Probing role of RUC mustn't distort reality of terrorism
Focus on collusion ignores the fact paramilitaries carried out most murders, says Trevor Ringland
It is bad enough that many of our lives were affected by a dark and dirty war, but the way in which we are dealing with the past is merely causing more harm - especially for those who feel that their loss is being hidden in the debate about certain aspects of wrong-doing.
In particular, a primary emphasis has been placed upon selective victimhood as opposed to solving a collective mess of harm, death and injury.
Between 1968 and 2005, nearly 3,400 people died. Just over half of these were civilians, of which 90% were victims of paramilitary violence.
Nearly 30% of all those who died were security force members. The smallest group - some 13% - were paramilitaries.
Of these, around 140 republican paramilitaries were killed by the security forces, compared to more than 900 security force members killed by republicans.
A key goal for republicans is to put the security forces in the dock. A strong and enduring republican argument is that the security forces aided loyalists who then went on to kill republican paramilitaries.
But it would seem that only 25 republican paramilitaries were killed by loyalists, an example of data not matching the scale of the allegations made.
While our society broke down in so many ways, it did not do so completely. We fortunately managed to avoid a civil war and this was largely by virtue of the actions of the security forces and the vast majority of people in our society who wanted to live together in peace.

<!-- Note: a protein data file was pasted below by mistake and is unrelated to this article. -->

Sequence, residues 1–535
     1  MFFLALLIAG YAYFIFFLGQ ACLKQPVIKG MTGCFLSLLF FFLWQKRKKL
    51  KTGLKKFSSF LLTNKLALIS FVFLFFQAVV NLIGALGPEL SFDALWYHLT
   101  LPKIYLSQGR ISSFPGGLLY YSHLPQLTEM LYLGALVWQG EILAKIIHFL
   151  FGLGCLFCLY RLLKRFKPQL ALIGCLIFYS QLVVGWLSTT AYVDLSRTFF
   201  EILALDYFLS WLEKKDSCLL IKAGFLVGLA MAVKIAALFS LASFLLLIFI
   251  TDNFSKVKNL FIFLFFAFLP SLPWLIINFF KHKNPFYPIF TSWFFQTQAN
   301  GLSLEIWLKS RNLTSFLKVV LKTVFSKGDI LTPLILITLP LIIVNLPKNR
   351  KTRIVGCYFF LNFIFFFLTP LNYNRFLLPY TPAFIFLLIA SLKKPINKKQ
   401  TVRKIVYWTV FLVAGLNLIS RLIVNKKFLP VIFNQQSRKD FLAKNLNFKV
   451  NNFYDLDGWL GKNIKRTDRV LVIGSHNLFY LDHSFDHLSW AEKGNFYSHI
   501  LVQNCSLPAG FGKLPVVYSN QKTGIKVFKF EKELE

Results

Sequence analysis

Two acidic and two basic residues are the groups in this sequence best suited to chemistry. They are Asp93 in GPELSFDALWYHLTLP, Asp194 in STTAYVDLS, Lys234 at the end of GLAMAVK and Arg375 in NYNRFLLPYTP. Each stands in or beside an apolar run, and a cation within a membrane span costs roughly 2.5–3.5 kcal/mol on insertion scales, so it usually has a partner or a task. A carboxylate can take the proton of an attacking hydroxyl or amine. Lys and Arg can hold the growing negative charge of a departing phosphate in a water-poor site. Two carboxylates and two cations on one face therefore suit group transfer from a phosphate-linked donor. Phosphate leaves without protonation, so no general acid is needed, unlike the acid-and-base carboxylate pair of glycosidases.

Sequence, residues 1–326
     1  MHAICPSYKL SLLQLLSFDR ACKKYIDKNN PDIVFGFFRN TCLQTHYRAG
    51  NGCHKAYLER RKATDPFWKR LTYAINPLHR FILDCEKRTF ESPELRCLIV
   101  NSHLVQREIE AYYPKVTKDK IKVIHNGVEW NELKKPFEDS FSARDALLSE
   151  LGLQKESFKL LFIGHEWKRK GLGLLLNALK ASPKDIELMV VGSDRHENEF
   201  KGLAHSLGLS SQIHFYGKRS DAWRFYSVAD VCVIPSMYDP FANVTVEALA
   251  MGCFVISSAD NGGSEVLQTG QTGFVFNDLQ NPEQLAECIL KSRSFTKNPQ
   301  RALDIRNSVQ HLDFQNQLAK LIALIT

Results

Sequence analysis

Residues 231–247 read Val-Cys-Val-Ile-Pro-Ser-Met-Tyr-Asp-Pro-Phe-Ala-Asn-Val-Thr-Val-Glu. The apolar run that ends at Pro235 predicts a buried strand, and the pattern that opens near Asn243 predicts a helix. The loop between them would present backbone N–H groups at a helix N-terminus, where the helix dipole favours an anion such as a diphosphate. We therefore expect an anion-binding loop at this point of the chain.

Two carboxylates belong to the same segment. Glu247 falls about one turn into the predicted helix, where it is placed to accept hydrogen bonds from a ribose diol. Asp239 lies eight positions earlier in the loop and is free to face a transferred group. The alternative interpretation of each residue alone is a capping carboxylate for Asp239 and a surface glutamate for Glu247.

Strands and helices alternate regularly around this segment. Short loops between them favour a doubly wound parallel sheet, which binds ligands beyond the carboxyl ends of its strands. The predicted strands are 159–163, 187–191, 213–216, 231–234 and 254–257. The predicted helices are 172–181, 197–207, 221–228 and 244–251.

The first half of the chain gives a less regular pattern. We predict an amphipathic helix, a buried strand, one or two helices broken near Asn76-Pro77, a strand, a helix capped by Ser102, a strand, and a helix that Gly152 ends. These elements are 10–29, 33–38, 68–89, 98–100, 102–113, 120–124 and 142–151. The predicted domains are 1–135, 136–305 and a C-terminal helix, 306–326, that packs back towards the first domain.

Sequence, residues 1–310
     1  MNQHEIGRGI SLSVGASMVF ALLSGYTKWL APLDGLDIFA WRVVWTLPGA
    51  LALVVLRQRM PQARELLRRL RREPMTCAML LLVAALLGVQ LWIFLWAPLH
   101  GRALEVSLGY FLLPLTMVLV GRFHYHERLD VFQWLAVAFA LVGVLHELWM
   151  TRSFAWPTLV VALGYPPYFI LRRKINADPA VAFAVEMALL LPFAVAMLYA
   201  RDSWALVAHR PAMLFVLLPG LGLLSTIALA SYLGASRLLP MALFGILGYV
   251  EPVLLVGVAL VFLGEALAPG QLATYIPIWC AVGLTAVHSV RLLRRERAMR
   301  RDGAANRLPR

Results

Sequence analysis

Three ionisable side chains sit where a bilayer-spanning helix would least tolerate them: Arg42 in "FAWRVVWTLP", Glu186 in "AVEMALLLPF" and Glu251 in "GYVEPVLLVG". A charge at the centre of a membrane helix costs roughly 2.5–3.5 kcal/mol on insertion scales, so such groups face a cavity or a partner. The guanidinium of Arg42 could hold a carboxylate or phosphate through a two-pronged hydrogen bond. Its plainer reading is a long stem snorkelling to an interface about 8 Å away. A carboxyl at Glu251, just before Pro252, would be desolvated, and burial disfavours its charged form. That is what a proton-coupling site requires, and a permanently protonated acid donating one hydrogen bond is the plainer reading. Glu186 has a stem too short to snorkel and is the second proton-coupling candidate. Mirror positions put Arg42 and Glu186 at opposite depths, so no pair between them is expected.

Ultimately, it was also a combination of both those dynamics - the security forces holding the line and the vast majority of people being against violence - that led to the peace process.
The RUC were involved in 52 deaths, some of which were controversial and others not and in turn suffered with 302 of their members murdered. In addition, some 10,000 were injured, more than 300 became seriously disabled and around 70 officers committed suicide.
It should also be remembered that the RUC solved 50% of murders committed by loyalists, compared with 30% committed by republicans - hardly a sign of being in cahoots with the former.
While some members of the RUC acted outside the rule of law, the evidence indicates that the vast majority - including Special Branch - worked through it, in spite of the stresses, strains and loss that they endured.
Those who push the charge of collusion create a hierarchy of victims and obscure the greater reality of who killed whom and the actuality that the vast majority who died were killed by paramilitaries.
Undoubtedly, we made a mess of relationships in Northern Ireland. Over the next few years, we are probably going to have to revisit that past to try to bring closure to as many families who suffered tragedy as is possible.
As we do so, it is incumbent on those of us who want to share the future to ensure we keep a focus on building a genuinely shared society, which is surely the greatest tribute that we can pay to all of those who suffered tragedy in our past.
It would seem there is an attempt to rewrite history being made, particularly by Peter Robinson and Martin McGuinness.
According to them, they won the peace - yet they ignore the fact that it was the flawed ideologies that they, with others, promoted which fed the violence.
But more concerning is that victimhood has been turned into a proxy war.
We had the fog of war, but we should not tolerate a prejudiced fog of wrongdoing.